Dr. Amy Felsted, University of Michigan, reported promising data for the use of histotripsy to stimulate adaptive immune responses to tumor neoantigens in an immunocompetent murine model. The treatments included sham therapy, radiation, thermal ablation, or histotripsy with or without concurrent anti-CTLA-4 checkpoint inhibition immunotherapy.

Results showed that histotripsy stimulated potent local and systemic tumor-specific CD8+ T cell responses when used to treat melanoma and HCC in the mice models. The magnitude of histotripsy induced immunostimulation was significantly greater than that observed with sham, radiation or thermal ablation treatment groups, and was comparable to that seen with the checkpoint inhibition immunotherapy group. It was further noted that in the histotripsy arm, a complete response and necrosis of adjacent untreated tumors was observed, indicative of an abscopal effect. These and other immunostimulatory effects were associated with local and systemic release of the inflammatory damage-associated molecular pattern high mobility group box 1 (HMGB1). Furthermore, the addition of histotripsy markedly potentiated the therapeutic efficacy of anti-CTLA-4 checkpoint inhibition immunotherapy against both melanoma and HCC.

These preclinical observations demonstrate that non-invasive histotripsy stimulates potent local, regional, and systemic tumor-specific immune responses. Physicians leading the study reported that the potential for histotripsy combined with current immunotherapies may provide new therapeutic options to patients with otherwise resistant disease.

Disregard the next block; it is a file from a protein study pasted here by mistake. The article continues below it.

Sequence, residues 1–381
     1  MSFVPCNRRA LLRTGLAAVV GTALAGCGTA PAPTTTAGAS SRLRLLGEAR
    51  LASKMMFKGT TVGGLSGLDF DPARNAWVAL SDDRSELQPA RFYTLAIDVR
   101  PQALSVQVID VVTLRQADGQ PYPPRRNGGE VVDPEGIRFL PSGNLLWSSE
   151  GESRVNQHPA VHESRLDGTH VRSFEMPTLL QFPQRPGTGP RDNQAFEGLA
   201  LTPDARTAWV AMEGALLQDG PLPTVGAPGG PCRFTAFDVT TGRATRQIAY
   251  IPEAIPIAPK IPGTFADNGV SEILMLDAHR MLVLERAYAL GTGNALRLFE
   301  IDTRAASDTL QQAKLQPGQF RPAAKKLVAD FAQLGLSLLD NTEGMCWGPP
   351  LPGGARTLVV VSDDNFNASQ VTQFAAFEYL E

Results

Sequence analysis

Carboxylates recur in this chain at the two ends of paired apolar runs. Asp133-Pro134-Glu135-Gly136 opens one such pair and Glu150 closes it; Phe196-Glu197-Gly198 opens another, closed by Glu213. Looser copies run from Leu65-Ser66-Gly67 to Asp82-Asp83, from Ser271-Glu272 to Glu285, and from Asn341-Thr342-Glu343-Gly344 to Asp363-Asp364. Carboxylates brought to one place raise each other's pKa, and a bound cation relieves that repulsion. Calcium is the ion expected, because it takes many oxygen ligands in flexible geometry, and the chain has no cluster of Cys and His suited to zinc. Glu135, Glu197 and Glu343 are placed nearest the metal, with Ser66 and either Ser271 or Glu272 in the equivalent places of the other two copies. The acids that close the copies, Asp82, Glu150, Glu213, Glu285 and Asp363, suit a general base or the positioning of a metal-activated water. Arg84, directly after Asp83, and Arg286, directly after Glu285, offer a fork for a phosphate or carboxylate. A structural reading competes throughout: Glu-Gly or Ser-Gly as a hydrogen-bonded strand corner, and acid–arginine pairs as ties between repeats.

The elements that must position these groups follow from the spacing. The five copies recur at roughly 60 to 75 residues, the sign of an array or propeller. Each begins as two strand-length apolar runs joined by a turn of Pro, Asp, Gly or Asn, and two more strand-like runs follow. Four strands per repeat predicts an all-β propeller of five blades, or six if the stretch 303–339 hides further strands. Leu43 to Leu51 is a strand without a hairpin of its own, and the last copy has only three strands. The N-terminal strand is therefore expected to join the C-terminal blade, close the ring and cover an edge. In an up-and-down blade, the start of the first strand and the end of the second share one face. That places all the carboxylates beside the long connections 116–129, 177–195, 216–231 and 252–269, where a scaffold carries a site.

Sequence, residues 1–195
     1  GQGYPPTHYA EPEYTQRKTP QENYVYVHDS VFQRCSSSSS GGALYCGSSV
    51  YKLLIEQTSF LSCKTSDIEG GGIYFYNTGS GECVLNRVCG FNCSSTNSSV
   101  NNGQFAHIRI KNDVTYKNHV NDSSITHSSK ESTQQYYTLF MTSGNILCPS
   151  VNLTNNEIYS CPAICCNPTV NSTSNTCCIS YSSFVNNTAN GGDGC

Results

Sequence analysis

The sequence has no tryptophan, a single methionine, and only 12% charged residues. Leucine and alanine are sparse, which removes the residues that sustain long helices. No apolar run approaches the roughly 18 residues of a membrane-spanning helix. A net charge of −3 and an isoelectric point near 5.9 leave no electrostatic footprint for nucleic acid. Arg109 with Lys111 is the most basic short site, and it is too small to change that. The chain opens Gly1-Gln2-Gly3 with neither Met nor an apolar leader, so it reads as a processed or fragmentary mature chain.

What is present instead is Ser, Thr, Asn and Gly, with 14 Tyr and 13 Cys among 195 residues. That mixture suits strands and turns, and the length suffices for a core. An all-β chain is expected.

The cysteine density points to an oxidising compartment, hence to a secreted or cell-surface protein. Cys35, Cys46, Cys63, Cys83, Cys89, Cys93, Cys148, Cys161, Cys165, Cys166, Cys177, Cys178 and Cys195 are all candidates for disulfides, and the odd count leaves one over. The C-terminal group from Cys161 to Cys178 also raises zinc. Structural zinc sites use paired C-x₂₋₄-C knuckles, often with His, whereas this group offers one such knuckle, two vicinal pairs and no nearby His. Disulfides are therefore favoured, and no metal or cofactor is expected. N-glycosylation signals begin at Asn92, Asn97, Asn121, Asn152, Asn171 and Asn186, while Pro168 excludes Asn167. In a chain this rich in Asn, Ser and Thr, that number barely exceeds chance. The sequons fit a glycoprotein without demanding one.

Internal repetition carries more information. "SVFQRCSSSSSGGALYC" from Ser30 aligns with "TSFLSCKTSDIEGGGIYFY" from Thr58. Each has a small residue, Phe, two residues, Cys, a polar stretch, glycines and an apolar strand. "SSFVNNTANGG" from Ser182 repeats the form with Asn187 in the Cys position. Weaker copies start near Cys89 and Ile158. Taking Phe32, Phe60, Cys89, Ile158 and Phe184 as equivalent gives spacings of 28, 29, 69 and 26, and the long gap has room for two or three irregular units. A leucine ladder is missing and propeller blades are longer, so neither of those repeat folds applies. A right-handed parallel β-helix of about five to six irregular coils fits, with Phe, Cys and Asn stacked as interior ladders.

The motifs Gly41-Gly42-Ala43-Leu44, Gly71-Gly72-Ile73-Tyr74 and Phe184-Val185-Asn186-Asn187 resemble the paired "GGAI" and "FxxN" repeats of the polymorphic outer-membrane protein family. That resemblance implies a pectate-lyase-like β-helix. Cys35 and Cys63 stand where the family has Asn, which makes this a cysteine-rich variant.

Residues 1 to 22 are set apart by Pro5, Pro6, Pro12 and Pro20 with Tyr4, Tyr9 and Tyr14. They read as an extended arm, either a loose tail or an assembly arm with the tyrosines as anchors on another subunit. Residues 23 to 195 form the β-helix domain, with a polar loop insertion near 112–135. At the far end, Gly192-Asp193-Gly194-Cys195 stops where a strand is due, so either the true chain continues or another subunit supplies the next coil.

Non-Invasive Orthotopic Liver Tumor Ablation Using Histotripsy in an In Vivo Rodent Hepatocellular Carcinoma (HCC) Model

Dr. Mishal Mendiratta-Lala, University of Michigan, presented data on the feasibility and tumor volume reduction effects of histotripsy treatments in liver cancer, using an orthotopic, immune-competent in vivo rat HCC model. Results showed local tumor shrinkage was observed in 14/15 treatment rats (93.3%) with both complete and partial treatments. This study demonstrates the potential of histotripsy for non-invasive HCC tumor treatment with a high safety profile and low risk of local tumor progression in a small animal model.

Robotically Assisted Sonic Therapy (RAST) with Histotripsy for Noninvasive Thyroid Ablation in a Porcine Model

Dr. Johnny Swietlik, University of Wisconsin, reported on the feasibility of using RAST to deliver precise treatments in targeted regions of the porcine thyroid and thymus without causing damage to intervening tissues, including overlying fat or skin, a technique that represents another potentially therapeutic application for RAST in an area of large unmet clinical need in thyroid cancer.

About HistoSonics

HistoSonics is a venture-backed medical device company developing a non-invasive robotic platform and novel beam therapy, Robotically Assisted Sonic Therapy (RASTSM). RAST uses the science of histotripsy and the pressure created by focused sound energy to liquify and destroy targeted tissue, including diseased tissue and tumors, at sub-cellular levels. The company's new platform is designed to deliver personalized, tissue-specific treatments with unparalleled precision and control, and without the undesirable side effects of many of today's interventional and surgical modalities. Histotripsy was developed at the University of Michigan and is exclusively licensed to HistoSonics. The company is led by a team of experienced domain experts and industry leaders with offices in Ann Arbor, Michigan and Minneapolis, Minnesota.

The information and data described above has not been reviewed by the U.S. FDA. Statements related to evidence of safety and/or effectiveness will need to be reviewed by FDA prior to inclusion in official labeling. The HistoSonics RAST System has not yet been cleared by the U.S. FDA.

For more information please visit: www.histosonics.com/

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SOURCE HistoSonics, Inc.